England Looking Ahead To Australia Clash

It summed up the evening.

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After four successive runners-up finishes in the RBS Six Nations, England ended the biggest match of Lancaster’s tenure aghast at yet another near-miss having led Wales by 10 points with half an hour remaining.

When they scored their game-changing try, it was the scrum-half on the wing, Lloyd Williams, who reeled in the years and delivered the first chip of its kind since Didier Camberabero created the “try from the end of the world” for Philippe Saint-Andre at the same venue in 1991.

“I’d done two, one with England, played the warm-ups, and then back with Quins to do another pre-season!” “At half-time we were in control and had momentum”.

Wales became the first northern hemisphere side to beat England in a RWC match in England and joined New Zealand (1991 opening match, 1999 Pool Match) and Australia (1991 RWC Final) in beaten England on their own ground at the tournament. To lose from there was criminal.

“They are all in or around the breakdown”.

On a night of such World Cup frustration against an obdurate Welsh side, the flyhalf stood out as a goliath, vindicating Lancaster’s faith in him, while all around had criticised his recall in place of the perceived more attacking threat of George Ford.

Dan Biggar kicked a 50-metre penalty that secured Warren Gatland’s men the most precious of victories, but it was the slack defending that enabled Gareth Davies to cross under the posts and indiscipline that offered Biggar repeated sight of the posts that did the real damage.

Michael Cheika, the Australia head coach, said he still considered England to be favourites for the game, because of home advantage.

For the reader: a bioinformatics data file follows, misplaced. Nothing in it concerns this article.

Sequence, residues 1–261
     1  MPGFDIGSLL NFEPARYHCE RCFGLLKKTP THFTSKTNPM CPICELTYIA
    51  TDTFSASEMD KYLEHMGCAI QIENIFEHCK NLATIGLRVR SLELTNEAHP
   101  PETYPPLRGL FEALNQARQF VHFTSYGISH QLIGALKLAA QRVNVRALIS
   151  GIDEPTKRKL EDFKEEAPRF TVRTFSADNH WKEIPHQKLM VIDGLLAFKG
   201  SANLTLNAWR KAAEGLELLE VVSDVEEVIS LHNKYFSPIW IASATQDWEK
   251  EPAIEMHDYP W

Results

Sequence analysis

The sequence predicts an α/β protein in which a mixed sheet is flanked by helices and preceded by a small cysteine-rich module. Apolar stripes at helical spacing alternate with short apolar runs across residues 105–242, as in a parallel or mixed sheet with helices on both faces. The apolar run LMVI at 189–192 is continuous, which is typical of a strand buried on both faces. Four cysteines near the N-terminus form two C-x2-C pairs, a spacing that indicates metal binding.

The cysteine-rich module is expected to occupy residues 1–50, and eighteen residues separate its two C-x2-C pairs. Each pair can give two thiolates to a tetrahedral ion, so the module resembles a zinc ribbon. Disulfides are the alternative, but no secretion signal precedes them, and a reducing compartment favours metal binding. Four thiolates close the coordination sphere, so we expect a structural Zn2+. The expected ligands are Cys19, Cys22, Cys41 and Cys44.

“Obviously with a 10-point lead, you’ve got to look back and see where it went wrong”, Youngs said. Substitutes are supposed to add to the team but this one scuppered it. Just because someone is on the bench it does not mean you have to get them on. It’s something to jump on.

“We’ve talked a lot about getting the tackler away, we put a massive emphasis on that, it’s been a hot penalty in this World Cup“.

But there were enough people on the pitch to have made their views clear to the captain – he might have to make the final choice – but others could and should have had their say so it’s not all down to him.

But, realistically, England now have to beat two-time world champions Australia if they are to have any hope of avoiding an early exit. It is a huge ask, and when you concede a dozen penalties, nigh-on impossible. “I have had some fantastic wins as England coach and I have had some heart-wrenching, gut-wrenching losses, and that was right up at the top”.

“That kept them in the game”.

“We have to learn from that. We weighed up the options, we wanted to go for the win”. We have to get better, simple as. Of course we will batten down the hatches internally and focus on the job because we have to.

“I wouldn’t wish to take anything away from Wales’s heroic performance”.

“I am ready to go”. “Irrelevant of who you are and what game you are in, to strike that under that pressure is impressive”.

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But Woodward deflected the blame from captain Chris Robshaw and hit out at the substitutions made by coach Stuart Lancaster. Let’s enjoy the game.

England's Jonny May left is tackled by Wales George North. AP